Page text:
Much can be said about the overall state of the American Church. The report may not be as good as it should be. In fact, if truth be told, the church in American seems to be rapidly losing credibility. Once the very fiber of life in the United States, the Church is growing impotent, archaic, unimportant and an unnecessary distraction in the minds of the majority of Americans. For many reasons, unfortunately, many who are sincere followers and disciples of Jesus Christ are growing silent in the face of the spiritual battle being waged for the future of America.
Today, the media is directing this nation’s path forward. Truth in media is becoming a rare find as it is replaced by opinion, gossip and manipulative tactics to mislead the public or steer the thinking of readers/viewers in a pre-determined direction. In a similar manner, it is becoming difficult to find a pulpit consistently preaching the uncompromising Word of God. Too few churches focus on preparing their congregations to be disciples fulfilling the Great Commission. The popular church-growth techniques are eerily similar to that of the main stream media: Feed the masses what they want to hear and watch them follow without resistance. It reminds me of the Pied Piper syndrome.
The church. “A group or assembly of persons called together for a particular purpose…. as that community of people in which and through which the Spirit of God is working…. Paul believed God is present among his creatures in and through a living community of people, consecrated for a particular purpose, like the temple of old.”¹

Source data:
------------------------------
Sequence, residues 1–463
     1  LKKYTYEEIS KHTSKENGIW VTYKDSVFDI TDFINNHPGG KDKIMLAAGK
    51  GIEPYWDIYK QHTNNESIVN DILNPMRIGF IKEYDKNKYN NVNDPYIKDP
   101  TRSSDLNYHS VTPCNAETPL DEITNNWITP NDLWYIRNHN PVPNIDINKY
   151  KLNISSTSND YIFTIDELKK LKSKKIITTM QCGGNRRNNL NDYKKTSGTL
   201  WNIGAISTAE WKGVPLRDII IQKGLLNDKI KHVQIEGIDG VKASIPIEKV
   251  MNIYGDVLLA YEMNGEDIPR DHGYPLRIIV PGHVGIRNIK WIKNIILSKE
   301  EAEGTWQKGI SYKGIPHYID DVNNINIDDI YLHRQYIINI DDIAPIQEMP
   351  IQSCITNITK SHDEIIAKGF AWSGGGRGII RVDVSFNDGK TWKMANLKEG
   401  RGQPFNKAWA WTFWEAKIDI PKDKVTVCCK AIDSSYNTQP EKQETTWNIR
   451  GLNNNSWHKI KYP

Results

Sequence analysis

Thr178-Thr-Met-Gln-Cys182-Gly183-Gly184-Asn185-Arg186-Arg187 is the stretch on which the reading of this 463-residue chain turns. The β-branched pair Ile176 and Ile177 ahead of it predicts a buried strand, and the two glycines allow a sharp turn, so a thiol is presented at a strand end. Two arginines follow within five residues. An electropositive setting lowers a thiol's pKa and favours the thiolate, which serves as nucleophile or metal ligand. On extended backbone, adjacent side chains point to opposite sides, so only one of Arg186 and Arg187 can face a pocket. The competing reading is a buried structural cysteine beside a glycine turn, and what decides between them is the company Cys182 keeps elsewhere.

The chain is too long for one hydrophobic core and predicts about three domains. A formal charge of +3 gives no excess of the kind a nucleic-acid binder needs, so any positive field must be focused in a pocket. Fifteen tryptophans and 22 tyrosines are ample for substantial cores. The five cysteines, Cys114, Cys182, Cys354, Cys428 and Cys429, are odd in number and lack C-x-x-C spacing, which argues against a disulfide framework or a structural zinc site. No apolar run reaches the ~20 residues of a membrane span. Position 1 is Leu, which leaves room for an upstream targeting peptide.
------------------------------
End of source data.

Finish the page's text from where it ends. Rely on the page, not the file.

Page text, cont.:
Is the typical contemporary American church that devoted and unwavering community of people in which and through which the Spirit of God is working? If so, why are their voices muffled and difficult to hear against the backdrop of compromise, self-exaltation and rebellion (see 2 Timothy 3;2)?
Perhaps it’s time to refresh our memories about the church’s purpose (based on the definition above) for which we have been consecrated–like the temple of old.
But to each one of us grace was given according to the measure of Christ’s gift. Therefore it says,
“When He ascended on high,
He led captive a host of captives,
And He gave gifts to men.”
(Now this expression, “He ascended,” what does it mean except that He also had descended into the lower parts of the earth? He who descended is Himself also He who ascended far above all the heavens, so that He might fill all things.)
To summarize this passage, it is interpreted to mean the purpose of the church is:
The ascended, victorious Christ has given spiritual gifts to His church to extend His sovereign rule over all.²
Paul teaches that Jesus is the ascended, victorious Lord over all and that He has sovereignly given various spiritual gifts to His church so that “He might fill all things” (4:10). To me, this simple interpretation encapsulates not only the purpose of the church, but the responsibility every believer bears as he or she becomes part of the corporate Body of Christ. But, is that what we’re hearing taught from the pulpits and does the mission of the local congregation reflect this divine commission in its focus and work?